Pellaea atropurpurea (L.) Link

Purple Cliff Brake

Pellae atropurpurea plant

Family - Pteridaceae

Stems - Rhizomes compact, scaly. The scales ferruginous, linear.

Leaves - Leaves to 50cm long but often seen much shorter. Rachis deep purplish-brown, densely pubescent (mostly at the base). The hairs ferruginous and curling. Base of hairs often pustulate. Pinnae opposite, with petiolules (except for terminal pinna), the lowest often 1-2 times divided, +/-3cm long, hastate or linear to oblong (depending on fertility), deep green and glabrous adaxially, light green-blue abaxially with a few hairs on the midrib. Margins distinctly revolute and creating a false indusium for the sporangia. Sporangia many, marginal, brown, -.2mm in diameter when coiled, with +/-20(32) spores.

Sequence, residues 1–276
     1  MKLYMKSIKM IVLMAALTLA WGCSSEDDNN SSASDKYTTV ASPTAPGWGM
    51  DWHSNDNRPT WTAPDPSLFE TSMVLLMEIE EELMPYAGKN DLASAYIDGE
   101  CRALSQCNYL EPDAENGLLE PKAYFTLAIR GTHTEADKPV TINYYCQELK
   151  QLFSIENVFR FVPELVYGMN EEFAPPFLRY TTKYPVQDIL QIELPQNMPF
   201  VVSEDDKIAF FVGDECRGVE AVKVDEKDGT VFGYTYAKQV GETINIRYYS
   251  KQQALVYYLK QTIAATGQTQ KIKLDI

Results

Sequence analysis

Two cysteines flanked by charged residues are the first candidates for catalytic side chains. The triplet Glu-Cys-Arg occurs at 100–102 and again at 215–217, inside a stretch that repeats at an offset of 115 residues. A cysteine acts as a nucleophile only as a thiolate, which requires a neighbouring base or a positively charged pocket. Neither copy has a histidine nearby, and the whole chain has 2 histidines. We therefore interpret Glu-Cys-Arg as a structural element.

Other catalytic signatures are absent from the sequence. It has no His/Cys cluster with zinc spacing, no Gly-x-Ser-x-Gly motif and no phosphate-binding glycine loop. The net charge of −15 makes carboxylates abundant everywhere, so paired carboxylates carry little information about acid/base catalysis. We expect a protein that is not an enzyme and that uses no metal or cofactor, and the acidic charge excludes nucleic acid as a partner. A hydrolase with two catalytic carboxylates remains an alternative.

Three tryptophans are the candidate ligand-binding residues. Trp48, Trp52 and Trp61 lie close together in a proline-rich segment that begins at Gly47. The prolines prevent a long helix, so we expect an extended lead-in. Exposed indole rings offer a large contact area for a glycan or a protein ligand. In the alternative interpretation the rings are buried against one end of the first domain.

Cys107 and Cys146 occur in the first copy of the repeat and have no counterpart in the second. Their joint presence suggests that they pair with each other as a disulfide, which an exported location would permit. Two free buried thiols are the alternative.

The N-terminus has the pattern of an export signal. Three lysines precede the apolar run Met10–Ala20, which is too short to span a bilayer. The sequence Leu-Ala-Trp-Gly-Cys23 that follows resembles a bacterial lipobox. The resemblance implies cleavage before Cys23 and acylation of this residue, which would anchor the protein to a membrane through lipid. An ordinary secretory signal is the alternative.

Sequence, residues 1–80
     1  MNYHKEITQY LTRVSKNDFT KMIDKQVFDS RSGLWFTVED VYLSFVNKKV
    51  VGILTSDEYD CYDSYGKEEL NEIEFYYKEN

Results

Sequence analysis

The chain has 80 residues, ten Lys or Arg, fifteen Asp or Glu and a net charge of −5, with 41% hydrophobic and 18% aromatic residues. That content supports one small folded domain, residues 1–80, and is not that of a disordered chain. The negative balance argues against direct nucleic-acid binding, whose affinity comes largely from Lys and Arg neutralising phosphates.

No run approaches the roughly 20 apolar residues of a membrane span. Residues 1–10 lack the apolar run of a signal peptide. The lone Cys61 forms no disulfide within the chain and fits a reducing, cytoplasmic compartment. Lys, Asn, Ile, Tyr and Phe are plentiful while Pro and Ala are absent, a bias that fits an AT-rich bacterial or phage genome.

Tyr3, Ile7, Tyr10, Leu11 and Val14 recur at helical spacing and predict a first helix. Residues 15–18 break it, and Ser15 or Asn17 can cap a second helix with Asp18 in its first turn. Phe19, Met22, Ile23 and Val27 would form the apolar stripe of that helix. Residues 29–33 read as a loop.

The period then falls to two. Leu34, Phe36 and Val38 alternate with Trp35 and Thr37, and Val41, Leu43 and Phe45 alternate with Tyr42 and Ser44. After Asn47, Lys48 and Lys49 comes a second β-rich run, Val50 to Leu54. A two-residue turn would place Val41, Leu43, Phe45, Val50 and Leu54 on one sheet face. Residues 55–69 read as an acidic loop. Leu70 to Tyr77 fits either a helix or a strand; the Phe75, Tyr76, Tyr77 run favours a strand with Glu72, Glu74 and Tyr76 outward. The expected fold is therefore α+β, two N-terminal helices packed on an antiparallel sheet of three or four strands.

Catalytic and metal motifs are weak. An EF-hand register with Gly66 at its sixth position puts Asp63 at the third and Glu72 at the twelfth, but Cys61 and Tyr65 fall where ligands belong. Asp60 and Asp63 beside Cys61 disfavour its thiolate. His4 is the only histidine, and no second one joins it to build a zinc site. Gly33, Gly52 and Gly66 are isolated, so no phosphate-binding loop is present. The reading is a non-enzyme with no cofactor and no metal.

Pellae atropurpurea rachisRachis close-up.

Pellae atropurpurea pinnaAbaxial surface of pinna with sporangia.

Flowering - Spores produced June - September.

Habitat - Crevices of limestone and dolomite outcrops, bluffs, boulders, and sinkholes. Sometimes in dry soils adjacent to dolomite glades.

Origin - Native to U.S.

Other info. - This small species can be found scattered throughout much of Missouri but is most common in the Ozark region of the state. The plant is almost always found growing from rock crevices. This is an easy species to ID because of its habitat and its distinctive look. Nothing else in our flora resembles it. The pinnae of the fertile leaves are much more long and thin than those of the sterile leaves.

Photographs taken in Eminence, MO., 5-30-01 and 9-28-03.